A new report from the United Nations says that 890 people around the world live in regions exposed to at least one major risk of natural disaster.
Of the total 450 global urban areas with 1 million or more inhabitants in 2011 (representing 1.4 billion people), 60 percent, or about 890 million people, face the risk of disaster.
The UN’s World Urbanization Prospects report says cities in Latin America and the Caribbean, in Northern America, and especially in Asia are often located in regions exposed to natural hazards and are most at risk. Major cities in Europe and Africa are the least exposed overall. Only 26 per cent and 37 per cent of their cities with one million inhabitants or more are living in regions exposed to at least one major risk of natural disaster.
Nations in these regions are also expected to experience a rapid growth in population. Africa’s urban population will increase from 414 million to over 1.2 billion by 2050 while that of Asia will soar from 1.9 billion to 3.3 billion. Both regions together will account for 86 per cent of all increase in the world’s urban population. For individual nations, the largest increases in urban population are expected in China, Nigeria, the United States of America and Indonesia. Over the next four decades (2010 to 2050), India will add another 497 million to its urban population; China – 341 million, Nigeria – 200 million, the United States -103 million and Indonesia – 92 million. The UN says this growth will pose new challenges in housing, energy and infrastructure, as well as job growth.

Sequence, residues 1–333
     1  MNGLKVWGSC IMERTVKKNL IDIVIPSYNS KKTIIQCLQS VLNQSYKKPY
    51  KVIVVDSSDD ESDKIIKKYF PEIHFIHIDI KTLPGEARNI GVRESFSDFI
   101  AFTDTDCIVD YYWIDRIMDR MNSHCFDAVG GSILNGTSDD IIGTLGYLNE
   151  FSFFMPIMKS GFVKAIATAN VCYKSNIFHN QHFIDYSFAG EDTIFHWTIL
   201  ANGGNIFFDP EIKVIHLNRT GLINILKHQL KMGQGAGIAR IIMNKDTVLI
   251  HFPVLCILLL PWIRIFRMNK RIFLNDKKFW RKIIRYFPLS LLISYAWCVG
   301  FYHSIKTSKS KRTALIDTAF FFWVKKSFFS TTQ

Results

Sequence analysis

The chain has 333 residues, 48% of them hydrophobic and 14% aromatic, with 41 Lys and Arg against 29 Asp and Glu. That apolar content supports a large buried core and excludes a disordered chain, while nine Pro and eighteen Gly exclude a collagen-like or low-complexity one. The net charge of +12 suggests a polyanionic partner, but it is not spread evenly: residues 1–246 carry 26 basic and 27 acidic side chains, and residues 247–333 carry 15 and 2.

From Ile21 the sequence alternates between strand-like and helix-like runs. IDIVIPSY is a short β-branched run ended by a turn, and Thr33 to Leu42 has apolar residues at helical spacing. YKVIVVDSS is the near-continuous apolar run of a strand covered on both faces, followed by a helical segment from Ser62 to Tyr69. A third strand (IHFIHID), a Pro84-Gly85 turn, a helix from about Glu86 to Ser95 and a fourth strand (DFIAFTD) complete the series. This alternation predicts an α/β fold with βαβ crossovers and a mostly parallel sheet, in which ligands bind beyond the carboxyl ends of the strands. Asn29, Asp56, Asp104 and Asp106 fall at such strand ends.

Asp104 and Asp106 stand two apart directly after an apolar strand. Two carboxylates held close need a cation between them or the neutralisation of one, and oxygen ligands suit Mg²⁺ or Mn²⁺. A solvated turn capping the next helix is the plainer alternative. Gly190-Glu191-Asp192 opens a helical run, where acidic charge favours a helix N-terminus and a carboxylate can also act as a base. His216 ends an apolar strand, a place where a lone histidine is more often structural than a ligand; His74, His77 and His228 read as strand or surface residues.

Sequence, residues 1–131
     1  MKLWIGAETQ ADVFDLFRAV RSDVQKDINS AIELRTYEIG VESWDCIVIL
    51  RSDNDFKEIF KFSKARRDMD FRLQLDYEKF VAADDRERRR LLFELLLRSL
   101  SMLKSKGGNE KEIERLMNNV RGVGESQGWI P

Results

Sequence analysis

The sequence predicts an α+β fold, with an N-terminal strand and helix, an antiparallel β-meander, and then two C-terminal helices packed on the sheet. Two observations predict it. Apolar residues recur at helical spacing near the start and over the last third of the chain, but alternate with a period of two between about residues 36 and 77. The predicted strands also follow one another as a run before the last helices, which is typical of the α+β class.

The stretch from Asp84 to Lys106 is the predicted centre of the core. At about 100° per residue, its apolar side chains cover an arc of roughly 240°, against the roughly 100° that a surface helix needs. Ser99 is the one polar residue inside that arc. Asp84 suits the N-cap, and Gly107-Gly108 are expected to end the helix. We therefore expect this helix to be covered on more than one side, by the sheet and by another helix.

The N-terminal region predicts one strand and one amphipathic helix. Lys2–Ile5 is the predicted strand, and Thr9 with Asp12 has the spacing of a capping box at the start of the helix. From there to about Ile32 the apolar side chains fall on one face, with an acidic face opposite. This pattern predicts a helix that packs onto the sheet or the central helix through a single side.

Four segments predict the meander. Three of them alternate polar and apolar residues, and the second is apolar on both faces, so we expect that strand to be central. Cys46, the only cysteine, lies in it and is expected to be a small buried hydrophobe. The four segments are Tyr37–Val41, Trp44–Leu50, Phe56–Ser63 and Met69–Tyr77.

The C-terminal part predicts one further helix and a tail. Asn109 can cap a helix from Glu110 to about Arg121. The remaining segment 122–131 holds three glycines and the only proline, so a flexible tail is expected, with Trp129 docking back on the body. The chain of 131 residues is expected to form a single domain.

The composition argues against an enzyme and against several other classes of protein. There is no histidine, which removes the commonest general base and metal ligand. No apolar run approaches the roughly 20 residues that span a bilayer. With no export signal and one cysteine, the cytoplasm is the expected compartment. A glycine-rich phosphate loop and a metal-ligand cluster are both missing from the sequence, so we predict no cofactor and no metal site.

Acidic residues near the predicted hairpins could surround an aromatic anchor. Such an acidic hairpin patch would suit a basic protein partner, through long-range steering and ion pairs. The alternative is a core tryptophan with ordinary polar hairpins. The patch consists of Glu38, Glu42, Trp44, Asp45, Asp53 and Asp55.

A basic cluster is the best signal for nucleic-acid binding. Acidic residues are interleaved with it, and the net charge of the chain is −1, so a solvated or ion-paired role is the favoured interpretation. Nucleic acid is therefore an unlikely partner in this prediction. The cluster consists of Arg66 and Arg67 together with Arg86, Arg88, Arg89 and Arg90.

The updated UN report includes geographical coordinates for all cities with more than 750,000 inhabitants. This will allow researchers to link estimates and projections of the population in urban agglomerations to various environmental characteristics, such as proximity to coastal areas, earthquake faults, or climate zones.
Highlights of the study can be read online. (PDF)
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